Statistical analysis

Mean and standard error values were determined for all the parameters and the results were expressed as Mean ± SEM. All data were analyzed with SPSS Version 11.5 employing one-way ANOVA followed by the Tukey post hoc test. Differences between groups were considered significant when P < 0.05.


Lipid peroxidation

PQ caused a significant increase in LPO when compared to control (P < 0.05). M. chamomilla caused a significant decrease in LPO when compared to the PQ group (P < 0.05). Co-administration of M. chamomilla with PQ significantly reduced PQ-induced LPO (P < 0.05); [Figure 1].{Figure 1}

Superoxide dismutase

PQ caused a significant increase in SOD activity when compared to control (P < 0.05). M. chamomilla caused a significant decrease in SOD activity when compared to the PQ group (P < 0.05). Co-administration of M. chamomilla with PQ significantly reduced PQ-induced SOD activity (P < 0.05); [Figure 2].{Figure 2}

Glutathione peroxidase

No significant difference was observed in GPx activity between groups; [Figure 3].{Figure 3}

Total antioxidant power

Treatment with PQ decreased TAP as compared to control (P < 0.05). M. chamomilla increased TAP as compared to the PQ group (P < 0.05). Co-administration of PQ with M. chamomilla significantly increased PQ-induced TAP level (P < 0.05); [Figure 4].{Figure 4}


Our study was carried out to evaluate the possible protective effect of hydroalcholic extract of M. chamomilla against PQ-induced oxidative stress and lung toxicity. The findings suggest that the extract possesses a protective action against lung dysfunction inflicted by the potent toxin PQ. It is well documented that free radicals are implicated in a large number of metabolic alterations and/or disturbances and diseases; these toxic effects of PQ in vivo are well known to be mediated through radical reaction. [5],[19]

The main target organs involved in PQ toxicity are the lung. The lungs are preferentially targeted because of PQ's rapid uptake and accumulation in this organ through polyamine transporters. [20],[21] Severe PQ poisoning produces adult respiratory distress syndrome, pulmonary hypertension, edema and progressive lung fibrosis. Free radicals are known to play a crucial role in PQ-induced lung toxicity. [22],[23] It has been reported that the toxicity is related to redox cycling of an iron PQ complex, which in turn catalyzes the formation of ROS with the ultimate progression of LPO. [24],[25] In this study, M. chamomilla reduced the lung injury induced by PQ intoxication, and the LPO concentration, as a marker of LPO, was lower in the PQ + M. chamomilla-treated group than in the PQ-treated group. The PQ-induced biochemical changes as indicated by significant decrease of SOD and GPx activities increase of LPO levels in lung tissue were alleviated by M. chamomilla. In these results, we could infer that M. chamomilla reduced lung injury by attenuation of free radicals-induced LPO.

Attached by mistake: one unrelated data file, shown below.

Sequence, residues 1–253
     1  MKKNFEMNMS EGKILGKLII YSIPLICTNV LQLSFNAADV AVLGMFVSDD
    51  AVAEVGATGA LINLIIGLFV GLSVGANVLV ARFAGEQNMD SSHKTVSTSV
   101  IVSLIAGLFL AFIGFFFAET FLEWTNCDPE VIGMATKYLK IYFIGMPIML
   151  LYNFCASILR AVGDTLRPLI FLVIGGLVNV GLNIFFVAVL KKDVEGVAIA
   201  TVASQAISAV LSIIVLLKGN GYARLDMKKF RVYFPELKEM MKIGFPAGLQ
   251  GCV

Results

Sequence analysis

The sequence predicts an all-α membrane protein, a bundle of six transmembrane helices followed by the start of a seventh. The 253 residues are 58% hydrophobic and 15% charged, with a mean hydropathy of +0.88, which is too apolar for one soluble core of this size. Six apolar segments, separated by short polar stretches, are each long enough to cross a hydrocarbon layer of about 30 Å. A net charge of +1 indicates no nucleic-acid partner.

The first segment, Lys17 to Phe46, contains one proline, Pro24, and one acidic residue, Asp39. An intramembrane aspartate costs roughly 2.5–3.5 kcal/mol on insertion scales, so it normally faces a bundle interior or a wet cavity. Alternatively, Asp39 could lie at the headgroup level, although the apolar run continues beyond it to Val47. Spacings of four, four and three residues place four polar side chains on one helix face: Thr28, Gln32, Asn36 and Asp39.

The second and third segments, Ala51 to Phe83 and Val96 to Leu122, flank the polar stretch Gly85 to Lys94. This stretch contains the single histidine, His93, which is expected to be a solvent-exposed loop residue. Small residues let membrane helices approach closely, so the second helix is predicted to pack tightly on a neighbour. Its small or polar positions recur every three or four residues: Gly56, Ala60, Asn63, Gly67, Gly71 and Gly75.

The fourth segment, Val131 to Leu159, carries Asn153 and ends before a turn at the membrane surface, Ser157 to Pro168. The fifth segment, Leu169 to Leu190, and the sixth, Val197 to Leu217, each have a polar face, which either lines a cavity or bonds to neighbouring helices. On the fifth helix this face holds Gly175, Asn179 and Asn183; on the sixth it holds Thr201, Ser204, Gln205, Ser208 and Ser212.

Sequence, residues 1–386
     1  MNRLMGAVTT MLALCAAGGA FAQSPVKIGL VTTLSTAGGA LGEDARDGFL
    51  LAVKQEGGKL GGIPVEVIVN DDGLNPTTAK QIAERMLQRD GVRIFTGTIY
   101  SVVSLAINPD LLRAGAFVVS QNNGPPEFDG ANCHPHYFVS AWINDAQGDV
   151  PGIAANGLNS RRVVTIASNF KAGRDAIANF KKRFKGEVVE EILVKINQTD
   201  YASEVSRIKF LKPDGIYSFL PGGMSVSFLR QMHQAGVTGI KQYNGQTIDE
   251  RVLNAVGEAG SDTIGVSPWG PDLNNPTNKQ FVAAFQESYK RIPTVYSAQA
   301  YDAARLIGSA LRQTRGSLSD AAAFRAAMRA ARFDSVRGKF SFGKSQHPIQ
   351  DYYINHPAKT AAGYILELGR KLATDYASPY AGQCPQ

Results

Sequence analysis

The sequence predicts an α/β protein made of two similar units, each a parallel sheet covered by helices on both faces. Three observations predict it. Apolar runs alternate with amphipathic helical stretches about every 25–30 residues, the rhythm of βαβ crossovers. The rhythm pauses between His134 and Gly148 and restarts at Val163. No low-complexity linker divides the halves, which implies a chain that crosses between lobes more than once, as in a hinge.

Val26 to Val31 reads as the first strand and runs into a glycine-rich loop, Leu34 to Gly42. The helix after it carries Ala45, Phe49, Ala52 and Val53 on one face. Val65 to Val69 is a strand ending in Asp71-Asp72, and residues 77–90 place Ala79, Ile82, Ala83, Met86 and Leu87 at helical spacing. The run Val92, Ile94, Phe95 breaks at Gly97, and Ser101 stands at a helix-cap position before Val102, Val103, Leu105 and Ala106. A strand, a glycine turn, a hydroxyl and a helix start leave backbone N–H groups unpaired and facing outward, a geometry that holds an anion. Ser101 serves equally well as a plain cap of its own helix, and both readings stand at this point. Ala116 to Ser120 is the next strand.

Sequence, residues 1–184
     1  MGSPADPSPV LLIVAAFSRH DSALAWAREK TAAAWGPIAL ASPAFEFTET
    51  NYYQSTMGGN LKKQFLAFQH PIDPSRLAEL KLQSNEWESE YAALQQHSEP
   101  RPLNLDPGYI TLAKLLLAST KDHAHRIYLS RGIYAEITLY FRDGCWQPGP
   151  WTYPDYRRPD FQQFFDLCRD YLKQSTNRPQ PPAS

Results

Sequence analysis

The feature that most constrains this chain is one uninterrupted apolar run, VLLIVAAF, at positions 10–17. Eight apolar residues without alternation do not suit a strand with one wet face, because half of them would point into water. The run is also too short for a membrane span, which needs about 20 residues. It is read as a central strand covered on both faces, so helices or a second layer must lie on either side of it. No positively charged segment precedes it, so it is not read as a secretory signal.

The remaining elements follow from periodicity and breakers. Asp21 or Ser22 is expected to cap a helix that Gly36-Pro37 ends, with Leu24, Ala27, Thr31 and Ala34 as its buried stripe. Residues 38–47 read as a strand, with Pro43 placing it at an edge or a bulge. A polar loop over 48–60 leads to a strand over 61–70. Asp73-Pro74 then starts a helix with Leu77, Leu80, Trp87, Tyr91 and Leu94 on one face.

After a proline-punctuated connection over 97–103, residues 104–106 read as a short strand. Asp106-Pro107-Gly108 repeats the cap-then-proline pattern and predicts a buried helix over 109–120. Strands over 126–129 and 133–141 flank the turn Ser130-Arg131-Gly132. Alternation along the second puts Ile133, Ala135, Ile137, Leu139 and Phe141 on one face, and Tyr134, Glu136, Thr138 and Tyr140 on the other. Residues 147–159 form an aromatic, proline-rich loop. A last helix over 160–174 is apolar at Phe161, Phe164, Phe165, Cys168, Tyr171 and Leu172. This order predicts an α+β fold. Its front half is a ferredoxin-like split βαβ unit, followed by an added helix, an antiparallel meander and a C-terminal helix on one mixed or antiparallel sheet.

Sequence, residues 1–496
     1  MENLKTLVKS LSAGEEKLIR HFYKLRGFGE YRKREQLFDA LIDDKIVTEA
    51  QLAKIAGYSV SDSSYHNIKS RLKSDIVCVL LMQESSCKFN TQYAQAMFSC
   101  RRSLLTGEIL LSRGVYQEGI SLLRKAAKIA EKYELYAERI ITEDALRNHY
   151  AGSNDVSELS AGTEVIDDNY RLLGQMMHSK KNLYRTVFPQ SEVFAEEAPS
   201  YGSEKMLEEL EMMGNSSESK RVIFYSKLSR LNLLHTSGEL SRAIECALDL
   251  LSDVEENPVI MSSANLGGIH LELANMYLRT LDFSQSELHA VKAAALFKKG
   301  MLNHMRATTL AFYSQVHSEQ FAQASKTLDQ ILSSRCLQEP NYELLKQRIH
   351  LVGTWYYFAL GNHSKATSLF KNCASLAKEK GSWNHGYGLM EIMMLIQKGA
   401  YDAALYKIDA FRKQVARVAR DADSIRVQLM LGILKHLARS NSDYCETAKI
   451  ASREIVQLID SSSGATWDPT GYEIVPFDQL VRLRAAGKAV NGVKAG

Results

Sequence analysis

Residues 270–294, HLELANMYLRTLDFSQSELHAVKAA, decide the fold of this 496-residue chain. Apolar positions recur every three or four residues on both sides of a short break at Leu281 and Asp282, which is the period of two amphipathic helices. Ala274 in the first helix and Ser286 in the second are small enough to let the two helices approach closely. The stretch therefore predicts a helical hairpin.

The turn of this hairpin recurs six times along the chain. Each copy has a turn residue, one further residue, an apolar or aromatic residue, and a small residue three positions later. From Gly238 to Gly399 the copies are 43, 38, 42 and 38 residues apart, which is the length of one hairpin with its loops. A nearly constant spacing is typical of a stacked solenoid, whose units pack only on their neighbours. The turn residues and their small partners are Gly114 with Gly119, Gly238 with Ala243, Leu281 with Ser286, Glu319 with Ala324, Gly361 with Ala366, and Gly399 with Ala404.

Lipid peroxidation of the membranous system initiates and propagates endogenous toxicants that can readily react with adjacent molecules like membrane proteins. [26] In the present study, PQ induced lung injuries, and interestingly, M. chamomilla prevented the lung damages.

Antioxidant enzymes works in a coordinated fashion to prevent the oxidative stress. [27] The metabolic role of liver in detoxification of xenobiotics results in the generation of ROS, where SOD, CAT, GSH-Px, GST and GR play an important role in prevention of oxidative stress in various tissues samples. [27],[28] In this study, PQ induced oxidative stress as was evidenced by a significant increase in SOD activity. M. chamomilla reduced the oxidative stress possibly by scavenging of free radicals produced by PQ with subsequent restoration in enzymatic activities and oxidative stress indicators, LPO and TAP, concentration in lung homogenates. From previous studies similar results were reported while studying the protective effects of C-phycocyanin [29] and quercetin [5] against PQ-induced lung injury in rat most probably via its antioxidant activity.

These findings suggested that M. chamomile might exert its protective effects on PQ-induced damage via oxidative stress in rat lung. Future studies are warranted to further investigation the underlying mechanisms involved in this complicated process.


This study was supported by a grant from Vice Chancellor of Research of Hamadan University of Medical Sciences.